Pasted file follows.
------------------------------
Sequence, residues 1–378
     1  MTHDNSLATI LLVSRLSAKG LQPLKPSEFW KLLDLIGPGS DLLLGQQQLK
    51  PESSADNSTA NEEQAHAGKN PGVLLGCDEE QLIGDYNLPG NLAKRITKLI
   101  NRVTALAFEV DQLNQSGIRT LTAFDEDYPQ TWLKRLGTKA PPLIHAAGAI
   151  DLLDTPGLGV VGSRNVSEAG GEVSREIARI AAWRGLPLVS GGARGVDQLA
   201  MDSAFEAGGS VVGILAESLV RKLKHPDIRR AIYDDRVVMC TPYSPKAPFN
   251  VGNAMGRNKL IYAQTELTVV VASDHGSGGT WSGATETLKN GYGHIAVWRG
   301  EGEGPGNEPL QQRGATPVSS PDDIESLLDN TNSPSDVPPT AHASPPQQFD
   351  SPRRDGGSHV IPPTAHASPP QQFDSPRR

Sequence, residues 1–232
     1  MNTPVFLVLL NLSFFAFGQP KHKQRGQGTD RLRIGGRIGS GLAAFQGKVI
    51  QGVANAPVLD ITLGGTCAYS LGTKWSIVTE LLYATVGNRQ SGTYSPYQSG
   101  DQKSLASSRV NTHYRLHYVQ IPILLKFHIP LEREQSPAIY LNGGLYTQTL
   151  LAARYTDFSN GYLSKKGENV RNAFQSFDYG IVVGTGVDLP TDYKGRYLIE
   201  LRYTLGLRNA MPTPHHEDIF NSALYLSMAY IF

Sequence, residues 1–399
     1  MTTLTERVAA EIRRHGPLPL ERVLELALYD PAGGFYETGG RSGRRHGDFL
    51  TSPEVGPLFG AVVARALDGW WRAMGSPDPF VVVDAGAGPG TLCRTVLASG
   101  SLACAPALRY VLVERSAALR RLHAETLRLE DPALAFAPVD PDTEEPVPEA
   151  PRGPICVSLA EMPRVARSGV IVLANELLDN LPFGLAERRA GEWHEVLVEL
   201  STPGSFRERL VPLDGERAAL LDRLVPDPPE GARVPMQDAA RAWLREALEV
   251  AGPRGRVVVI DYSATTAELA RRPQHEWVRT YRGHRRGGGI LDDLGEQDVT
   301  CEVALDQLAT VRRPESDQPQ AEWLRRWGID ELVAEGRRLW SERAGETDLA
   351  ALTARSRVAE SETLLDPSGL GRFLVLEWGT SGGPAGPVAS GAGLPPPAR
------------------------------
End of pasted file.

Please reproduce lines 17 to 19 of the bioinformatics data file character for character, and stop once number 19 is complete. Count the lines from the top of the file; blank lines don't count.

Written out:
     1  MTTLTERVAA EIRRHGPLPL ERVLELALYD PAGGFYETGG RSGRRHGDFL
    51  TSPEVGPLFG AVVARALDGW WRAMGSPDPF VVVDAGAGPG TLCRTVLASG
   101  SLACAPALRY VLVERSAALR RLHAETLRLE DPALAFAPVD PDTEEPVPEA